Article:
The TreeA large forest tree, 45m or more high with extensive sharp buttresses, rising in some trees 6m or more up the trunk. Diameter above the buttresses may be nearly 1.5m.
The TimberThe timber is creamy-white to pale yellow in colour with little or no distinction between the sapwood and heartwood; the former however, may be up to 150mm wide. It is fairly soft, but firm and fine and even in texture; the grain is often interlocked, giving a faintly striped appearance on quarter-sawn surfaces, otherwise there is seldom any decorative figure. The timber is light in weight, averaging about 390 kg/m3 when dried. Brittle-heart is common in large logs.
DryingThe timber dries rapidly and well and with little tendency to warp or shake. The timber is liable to attack by staining fungi and should be piled in stick immediately after conversion.
StrengthBearing in mind the light weight of the timber, obeche has good strength properties and, when compared with European redwood, is only about 15 per cent less in maximum bending strength(modulus of rupture); in stiffness it is not so good, being about 50 per cent less than redwood.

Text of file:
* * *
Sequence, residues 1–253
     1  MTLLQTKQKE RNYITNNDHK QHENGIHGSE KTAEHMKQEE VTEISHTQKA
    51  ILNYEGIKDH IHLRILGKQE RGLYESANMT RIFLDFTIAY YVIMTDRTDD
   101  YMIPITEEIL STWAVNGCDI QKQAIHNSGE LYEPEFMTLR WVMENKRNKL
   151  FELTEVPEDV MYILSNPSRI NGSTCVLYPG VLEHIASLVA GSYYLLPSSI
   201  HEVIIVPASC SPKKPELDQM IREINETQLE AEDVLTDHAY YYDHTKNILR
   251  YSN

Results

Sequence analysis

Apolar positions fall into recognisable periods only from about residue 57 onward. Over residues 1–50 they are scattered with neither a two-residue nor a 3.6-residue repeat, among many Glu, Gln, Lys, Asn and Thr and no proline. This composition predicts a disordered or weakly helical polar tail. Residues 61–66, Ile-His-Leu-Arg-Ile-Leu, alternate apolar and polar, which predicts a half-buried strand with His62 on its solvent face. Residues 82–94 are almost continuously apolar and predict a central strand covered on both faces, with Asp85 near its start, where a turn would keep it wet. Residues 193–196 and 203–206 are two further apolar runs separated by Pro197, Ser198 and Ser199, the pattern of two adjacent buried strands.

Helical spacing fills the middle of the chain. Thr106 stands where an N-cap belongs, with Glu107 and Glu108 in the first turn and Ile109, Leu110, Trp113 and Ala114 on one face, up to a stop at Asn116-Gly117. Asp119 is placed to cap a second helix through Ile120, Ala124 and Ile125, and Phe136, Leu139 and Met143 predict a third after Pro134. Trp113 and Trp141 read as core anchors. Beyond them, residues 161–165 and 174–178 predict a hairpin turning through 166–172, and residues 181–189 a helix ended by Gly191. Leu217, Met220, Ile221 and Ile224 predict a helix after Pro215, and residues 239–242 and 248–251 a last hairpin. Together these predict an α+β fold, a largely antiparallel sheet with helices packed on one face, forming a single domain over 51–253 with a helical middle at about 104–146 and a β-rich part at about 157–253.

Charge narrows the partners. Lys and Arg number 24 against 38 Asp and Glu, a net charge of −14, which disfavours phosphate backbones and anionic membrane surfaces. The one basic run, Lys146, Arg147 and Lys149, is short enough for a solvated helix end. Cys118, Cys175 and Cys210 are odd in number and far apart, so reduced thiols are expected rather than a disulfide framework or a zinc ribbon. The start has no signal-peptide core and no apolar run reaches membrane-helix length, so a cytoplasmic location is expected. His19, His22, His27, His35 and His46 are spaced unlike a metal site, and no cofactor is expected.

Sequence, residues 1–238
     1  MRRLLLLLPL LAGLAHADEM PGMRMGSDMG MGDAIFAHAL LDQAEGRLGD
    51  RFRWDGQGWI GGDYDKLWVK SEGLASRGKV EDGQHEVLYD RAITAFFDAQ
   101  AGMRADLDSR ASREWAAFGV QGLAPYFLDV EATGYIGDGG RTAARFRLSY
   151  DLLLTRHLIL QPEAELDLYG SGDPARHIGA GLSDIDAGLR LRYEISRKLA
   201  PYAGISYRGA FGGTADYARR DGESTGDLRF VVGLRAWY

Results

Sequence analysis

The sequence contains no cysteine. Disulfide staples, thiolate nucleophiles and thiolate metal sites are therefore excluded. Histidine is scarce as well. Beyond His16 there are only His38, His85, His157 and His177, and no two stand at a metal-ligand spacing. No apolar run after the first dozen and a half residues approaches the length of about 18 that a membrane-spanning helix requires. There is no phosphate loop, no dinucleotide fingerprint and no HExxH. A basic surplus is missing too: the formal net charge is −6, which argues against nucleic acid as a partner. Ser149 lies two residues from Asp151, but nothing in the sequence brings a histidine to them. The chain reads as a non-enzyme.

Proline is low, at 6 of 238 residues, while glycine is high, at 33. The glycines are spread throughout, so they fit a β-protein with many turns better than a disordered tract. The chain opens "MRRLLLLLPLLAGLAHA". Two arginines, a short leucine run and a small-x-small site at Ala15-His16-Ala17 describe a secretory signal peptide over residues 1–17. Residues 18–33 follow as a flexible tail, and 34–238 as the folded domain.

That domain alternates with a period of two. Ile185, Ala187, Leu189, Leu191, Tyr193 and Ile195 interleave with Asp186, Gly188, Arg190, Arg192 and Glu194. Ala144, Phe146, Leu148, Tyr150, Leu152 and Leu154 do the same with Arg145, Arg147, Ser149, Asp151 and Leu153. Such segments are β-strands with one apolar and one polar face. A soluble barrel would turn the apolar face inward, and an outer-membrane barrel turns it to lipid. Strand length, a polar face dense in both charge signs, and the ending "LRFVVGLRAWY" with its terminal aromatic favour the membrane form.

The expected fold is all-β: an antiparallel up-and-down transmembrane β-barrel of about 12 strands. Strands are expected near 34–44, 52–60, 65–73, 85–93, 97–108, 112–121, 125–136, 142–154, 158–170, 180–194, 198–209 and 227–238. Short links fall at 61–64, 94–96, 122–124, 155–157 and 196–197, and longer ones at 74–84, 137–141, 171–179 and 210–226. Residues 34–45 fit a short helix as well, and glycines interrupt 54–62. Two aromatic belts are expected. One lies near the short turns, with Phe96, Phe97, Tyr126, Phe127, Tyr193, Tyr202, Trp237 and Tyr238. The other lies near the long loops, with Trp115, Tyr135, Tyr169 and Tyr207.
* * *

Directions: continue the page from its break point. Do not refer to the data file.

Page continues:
Working QualitiesGood - The comparative softness of the timber makes it very easy to work with both hand and machine tools. It is desirable to use sharp, thin-edged tools to avoid picking up and crumbling in cutting. An excellent finish can easily be obtained and the timber stains and polishes well but requires light filling to produce a high-grade finish. It takes nails and screws well, and has good gluing properties. Obeche peels and slices with reasonable ease.
Latin NameTriplochiton scleroxylon
Also known asWawa (Ghana, Ivory Coast), obechi (Nigeria), sambawawa (Ivory Coast), ayous (Cameroons), arere (Nigeria)
OriginNigeria, Ghana, Ivory Coast, Cameroons